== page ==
Bill Williams was an Eagle Scout, basketball star, paperboy, and jazz drummer in the Atlantic, Iowa, of the Depression. He was a wholesome mixture of small-town bohemian and Jimmy Stewart: he shared bottomless ice

Who Can We Shoot?
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Who Can We Shoot?

Who better to kick off a discussion of American populism than Henry James? In The Portrait of a Lady Sockless Hank had Henrietta Stackpole define a “cosmopolite”: “That means he’s a little of everything and not much of any. I

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Colin Powell, R.I.P.?

With impeccable timing, I interviewed Eisenhower biographer and Colin Powell booster Stephen E. Ambrose just days before Powell’s Noble Renunciation of Ambition. But before our chat disappears into that void (de?)populated by Milton Shapp’s Inaugural Address and the Oscar acceptance

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Last of the Taft Republicans?

Bob Dole is the last of the Taft Republicans, according to Murray Kempton—if only it were so! Isolationists (that is, Middle Americans who do not want our sons or brothers sent to die or kill on foreign sands) cherish Dole’s

Cherished Void
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Cherished Void

Gene Roddenberry was a hustling ex-cop who wanted to strike it rich in television, and he did, with a series called Star Trek, which he once described (before his slide into self-mythicizing and lucrative licensing deals) as “Wagon Train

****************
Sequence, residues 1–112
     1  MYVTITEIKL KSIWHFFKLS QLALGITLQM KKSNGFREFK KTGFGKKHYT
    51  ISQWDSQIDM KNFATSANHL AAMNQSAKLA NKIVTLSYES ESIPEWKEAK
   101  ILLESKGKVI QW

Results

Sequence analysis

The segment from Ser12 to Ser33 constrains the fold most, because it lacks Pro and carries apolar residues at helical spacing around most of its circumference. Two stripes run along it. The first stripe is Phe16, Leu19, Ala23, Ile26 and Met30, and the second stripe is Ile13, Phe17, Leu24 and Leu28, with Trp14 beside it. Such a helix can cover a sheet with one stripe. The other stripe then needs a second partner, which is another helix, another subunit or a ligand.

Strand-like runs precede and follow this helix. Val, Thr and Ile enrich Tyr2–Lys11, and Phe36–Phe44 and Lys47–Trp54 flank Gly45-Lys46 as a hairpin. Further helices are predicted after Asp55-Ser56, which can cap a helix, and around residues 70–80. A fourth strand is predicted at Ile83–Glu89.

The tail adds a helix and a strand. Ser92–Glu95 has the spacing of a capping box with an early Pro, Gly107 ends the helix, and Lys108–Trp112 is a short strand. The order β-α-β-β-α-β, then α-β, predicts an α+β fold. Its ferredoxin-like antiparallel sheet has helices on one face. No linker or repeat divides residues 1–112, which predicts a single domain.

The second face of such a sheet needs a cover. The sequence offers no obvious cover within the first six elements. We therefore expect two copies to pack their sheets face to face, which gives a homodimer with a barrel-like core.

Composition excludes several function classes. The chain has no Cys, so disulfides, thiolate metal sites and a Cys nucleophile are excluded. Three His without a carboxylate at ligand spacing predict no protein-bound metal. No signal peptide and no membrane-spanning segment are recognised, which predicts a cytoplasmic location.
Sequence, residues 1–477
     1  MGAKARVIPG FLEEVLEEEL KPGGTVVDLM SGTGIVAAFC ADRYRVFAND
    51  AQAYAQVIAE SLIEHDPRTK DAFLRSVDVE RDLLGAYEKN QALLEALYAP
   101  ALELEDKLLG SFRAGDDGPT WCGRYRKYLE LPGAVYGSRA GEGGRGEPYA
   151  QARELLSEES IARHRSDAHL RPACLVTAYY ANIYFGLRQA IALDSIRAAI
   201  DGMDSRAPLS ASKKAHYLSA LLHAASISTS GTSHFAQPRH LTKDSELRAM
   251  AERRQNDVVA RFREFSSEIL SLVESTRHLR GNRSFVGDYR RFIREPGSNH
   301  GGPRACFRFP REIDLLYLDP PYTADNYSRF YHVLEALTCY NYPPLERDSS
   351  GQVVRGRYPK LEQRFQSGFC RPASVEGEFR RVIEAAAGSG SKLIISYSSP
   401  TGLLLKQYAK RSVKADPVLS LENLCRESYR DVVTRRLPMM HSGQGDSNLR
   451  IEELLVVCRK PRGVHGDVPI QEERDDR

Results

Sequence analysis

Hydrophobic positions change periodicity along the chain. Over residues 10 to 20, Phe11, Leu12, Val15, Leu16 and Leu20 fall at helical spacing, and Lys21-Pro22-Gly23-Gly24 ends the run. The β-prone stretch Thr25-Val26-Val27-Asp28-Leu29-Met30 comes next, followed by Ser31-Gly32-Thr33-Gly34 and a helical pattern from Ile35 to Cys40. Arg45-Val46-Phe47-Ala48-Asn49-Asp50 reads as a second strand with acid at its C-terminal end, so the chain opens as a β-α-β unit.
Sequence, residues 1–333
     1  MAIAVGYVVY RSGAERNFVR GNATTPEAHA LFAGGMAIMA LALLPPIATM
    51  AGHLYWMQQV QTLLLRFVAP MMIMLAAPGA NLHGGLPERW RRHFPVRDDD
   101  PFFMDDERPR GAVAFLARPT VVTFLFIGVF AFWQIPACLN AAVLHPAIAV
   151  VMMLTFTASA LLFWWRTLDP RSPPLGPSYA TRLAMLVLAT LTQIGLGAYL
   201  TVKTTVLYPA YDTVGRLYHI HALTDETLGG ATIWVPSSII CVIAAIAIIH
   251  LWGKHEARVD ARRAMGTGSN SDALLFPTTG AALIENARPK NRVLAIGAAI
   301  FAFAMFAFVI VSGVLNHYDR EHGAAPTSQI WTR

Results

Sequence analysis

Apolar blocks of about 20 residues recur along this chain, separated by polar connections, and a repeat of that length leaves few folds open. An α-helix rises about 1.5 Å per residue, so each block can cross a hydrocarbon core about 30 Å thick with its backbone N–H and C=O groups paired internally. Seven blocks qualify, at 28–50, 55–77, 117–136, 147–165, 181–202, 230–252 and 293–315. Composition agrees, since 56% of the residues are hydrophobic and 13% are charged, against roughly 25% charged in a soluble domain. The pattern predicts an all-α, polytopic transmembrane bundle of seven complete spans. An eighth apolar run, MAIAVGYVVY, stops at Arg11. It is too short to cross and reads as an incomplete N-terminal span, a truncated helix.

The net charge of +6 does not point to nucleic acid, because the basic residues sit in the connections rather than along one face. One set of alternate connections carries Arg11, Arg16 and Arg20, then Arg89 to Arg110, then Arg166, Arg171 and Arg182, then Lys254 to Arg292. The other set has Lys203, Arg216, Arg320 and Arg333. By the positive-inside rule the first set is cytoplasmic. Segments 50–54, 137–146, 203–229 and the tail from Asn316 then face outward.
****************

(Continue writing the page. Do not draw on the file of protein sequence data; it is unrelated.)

Once Upon a Time in America
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Once Upon a Time in America

One of the strangest rituals in the United States Senate is the annual reading of President Washington’s Farewell Address. The chore of recitation usually falls to a freshman nonentity eager to curry favor by performing what is regarded as a

Alice of Malice: The Other Side of Rooseveltism
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Alice of Malice: The Other Side of Rooseveltism

The true nature of the New Deal was revealed in one of those brilliant ironies that flash lightning-like in a midnight storm. It happened September 13, 1933, the Nativity of a new secular holiday: NRA Day. An interminable parade up

The First Arkansas Bill
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The First Arkansas Bill

“The Price of Empire is America’s soul and that price is too high.”
—Senator J. William Fulbright
August 8, 1967

The oily whoremaster in the White House dodged the draft thanks to another Arkansas Oxonian named Bill, but the debt

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Karl Hess, R.I.P.

Karl Hess—one of the supplest and most creative political thinkers of post-Republic America—died on the same day as Richard Nixon did. His memorial service in Kearneysville, West Virginia, was attended by zero living presidents, which was meet for a

Come Home, America
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Come Home, America

Unanesthetized amputation cannot be more painful than enduring—no, “endurin'”—a Bruce Springsteen monologue about “growin’ up.” Stopping a concert dead in its tracks, he’ll mumble and stammer and “uh, like” his way through a tortured and tortuous tale peopled with Wild